GGC-Health • GGC-Environment • GGC-Disaster Resilience
Dr. Rasmussen is a medical doctor and the CEO for Infinitum Humanitarian Systems (IHS), a multinational consulting group built on a profit-for-purpose model. By training he is an internal medicine physician with both undergraduate and medical degrees from Stanford University and a European Master’s degree in disaster medicine from the UN World Health Organization’s affiliate CEMEC (Centre European pour la Medecin des Catastrophes) in Italy. He was elected a Fellow of the American College of Physicians in 1997 and a Fellow of the Explorer’s Club in 2014.
In addition to his corporate responsibilities Rasmussen is a Research Professor in Environmental Security and Global Medicine at San Diego State University and an instructor in disaster medicine at both the International Disaster Academy in Bonn, Germany (BBK, or Bundesamt für Bevölkerungsschutz ind
Katastrophenhilfe) and the Institute for Disaster Preparedness at Tsinghua University in Beijing, China.
He also serves pro bono as medical director for two biotech startups, and as Permanent Advisor to the UN Secretary-General’s High Level Expert Panel on Water Disasters. He has been a member of the US National Academy of Science’s Committee on Grand Challenges in Global Development since 2012.
Rasmussen is a specialist in the humanitarian sciences with extensive experience in highly-vulnerable communities in Haiti, Mexico, Curacao, Nepal, Cambodia, the Philippines, Uganda, Kenya, Tanzania, and Yemen.
His disaster deployments include Puerto Rico for Hurricane Maria in 2017 (3x), Haiti for Hurricane Matthew in 2016, the Nepal earthquake in 2015, Supertyphoon Haiyan in the Philippines, Superstorm Sandy in New York, Haiti’s earthquake in 2010, Banda Aceh for the tsunami, and New Orleans after Hurricane Katrina.
Eric served in the US Navy for 25 years aboard nuclear submarines, amphibious ships, and aircraft carriers. His positions included Fleet Surgeon for the US Navy’s Third Fleet, director of an Intensive Care Unit, and Chairman of an academic department of medicine in Seattle. His wartime deployments included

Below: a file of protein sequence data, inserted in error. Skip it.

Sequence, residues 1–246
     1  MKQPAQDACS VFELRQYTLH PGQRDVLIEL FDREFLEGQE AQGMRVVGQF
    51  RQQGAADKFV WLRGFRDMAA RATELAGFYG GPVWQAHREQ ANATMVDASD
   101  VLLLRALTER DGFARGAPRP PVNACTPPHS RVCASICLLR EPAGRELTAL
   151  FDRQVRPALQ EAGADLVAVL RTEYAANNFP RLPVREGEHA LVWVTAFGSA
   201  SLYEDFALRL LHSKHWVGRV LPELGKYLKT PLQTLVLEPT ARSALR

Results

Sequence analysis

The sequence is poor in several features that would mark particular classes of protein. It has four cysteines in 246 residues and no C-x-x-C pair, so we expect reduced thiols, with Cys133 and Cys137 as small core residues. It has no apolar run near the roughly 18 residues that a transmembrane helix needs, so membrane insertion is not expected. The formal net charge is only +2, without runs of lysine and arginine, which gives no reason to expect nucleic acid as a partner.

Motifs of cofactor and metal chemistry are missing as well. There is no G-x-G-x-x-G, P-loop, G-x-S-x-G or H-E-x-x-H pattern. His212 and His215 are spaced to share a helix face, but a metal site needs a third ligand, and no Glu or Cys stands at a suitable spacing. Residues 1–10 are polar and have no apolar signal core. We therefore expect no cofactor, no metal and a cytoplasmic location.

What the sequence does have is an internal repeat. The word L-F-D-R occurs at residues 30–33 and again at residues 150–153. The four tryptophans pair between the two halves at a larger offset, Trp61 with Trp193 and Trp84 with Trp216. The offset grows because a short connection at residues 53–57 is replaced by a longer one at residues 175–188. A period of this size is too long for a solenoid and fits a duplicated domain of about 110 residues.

Bosnia (x3), Afghanistan (x2), and Iraq for eight months. He also spent nine years as a Principal Investigator in humanitarian informatics for the Defense Advanced Research Projects Agency (DARPA) where his focus was civil-military collaboration in conflict zones. In 2003 he received DARPA’s capstone award as Outstanding Investigator of the Year. Soon after he retired from the Navy to serve as the founding CEO of the TED Prize called InSTEDD, a humanitarian NGO established by Dr. Larry Brilliant, then Executive Director of Google.org. InSTEDD’s charter is to put into action the goals outlined by Dr. Brilliant’s 2006 TED Prize speech for better global disease outbreak surveillance and response. Dr. Rasmussen shifted from CEO to Chair of the InSTEDD Board of Directors in 2010 and became CEO of IHS soon after.
Since 2014 he has also led the Global Disaster Response Team for the Roddenberry Foundation, supported by the Star Trek franchise.
Eric lives with Demi, his wife of more than 30 years, on Bainbridge Island near Seattle, Washington.
The concept of a universal biometric identity is fraught with Western concerns about individual privacy, and rightly so. For those with no recognized identity at all, however, being acknowledged as “alive” is an important step toward safety, security, and upward mobility. In this talk, I discuss real-world examples of the costs of being “invisible” and some biometric options that seem to be working to reduce the exploitation, trafficking, and slavery of those living in the shadows.
The advent of the 2014 Ebola outbreak in West Africa was a tragedy of significant proportions. Like any complex event, however, there were lessons to be learned and new directions to explore in ensuring we could not be quite so surprised next time. In this talk, I describe a few of the many advances we made in science, technology, and policy during this outbreak, with particular attention to a basic science discovery that may help us understand far broader biological paradigms
Building resilience against natural disasters, climate change and security risks is increasingly important and exponential technologies are providing an opportunity to build more resilient systems as well as create new solutions to quickly recover when disasters occur. Recent disasters such as serial hurricanes that struck the US and Caribbean in 2017 give us new insight into how innovative thinkers are building solutions to help speed recovery and in some cases leapfrog their communities into the future.
Global Public Health is a field that looks at war, natural disasters, emerging infections, climate change and critical infrastructure fragility as risks that threaten all of humanity. Fortunately, exponential technologies are providing improved opportunities to sense impending threats, mitigate their risk profile, contain the impact, and recover better after an event. Recent disasters such as serial hurricanes that struck the US and Caribbean in 2017 and the California fires of 2017 and 2018, give us deeper insight into how global public health fits into an exponential technology framework, and where innovative thinkers are building solutions to help speed recovery and, in some cases, leapfrog their communities into a far safer future.